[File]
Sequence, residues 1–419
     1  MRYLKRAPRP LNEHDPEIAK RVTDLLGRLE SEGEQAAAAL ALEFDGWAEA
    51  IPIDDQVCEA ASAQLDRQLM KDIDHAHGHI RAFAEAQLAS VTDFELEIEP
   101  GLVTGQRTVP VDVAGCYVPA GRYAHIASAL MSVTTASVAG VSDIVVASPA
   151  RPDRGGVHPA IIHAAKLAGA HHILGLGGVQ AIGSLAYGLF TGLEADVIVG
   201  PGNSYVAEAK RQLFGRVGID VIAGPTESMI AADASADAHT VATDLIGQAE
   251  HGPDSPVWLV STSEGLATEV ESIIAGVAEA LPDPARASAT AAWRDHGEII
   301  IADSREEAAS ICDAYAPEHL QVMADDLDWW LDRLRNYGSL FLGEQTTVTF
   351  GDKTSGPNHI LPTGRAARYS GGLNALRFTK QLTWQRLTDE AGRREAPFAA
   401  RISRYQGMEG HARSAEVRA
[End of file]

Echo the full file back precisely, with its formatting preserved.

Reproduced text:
Sequence, residues 1–419
     1  MRYLKRAPRP LNEHDPEIAK RVTDLLGRLE SEGEQAAAAL ALEFDGWAEA
    51  IPIDDQVCEA ASAQLDRQLM KDIDHAHGHI RAFAEAQLAS VTDFELEIEP
   101  GLVTGQRTVP VDVAGCYVPA GRYAHIASAL MSVTTASVAG VSDIVVASPA
   151  RPDRGGVHPA IIHAAKLAGA HHILGLGGVQ AIGSLAYGLF TGLEADVIVG
   201  PGNSYVAEAK RQLFGRVGID VIAGPTESMI AADASADAHT VATDLIGQAE
   251  HGPDSPVWLV STSEGLATEV ESIIAGVAEA LPDPARASAT AAWRDHGEII
   301  IADSREEAAS ICDAYAPEHL QVMADDLDWW LDRLRNYGSL FLGEQTTVTF
   351  GDKTSGPNHI LPTGRAARYS GGLNALRFTK QLTWQRLTDE AGRREAPFAA
   401  RISRYQGMEG HARSAEVRA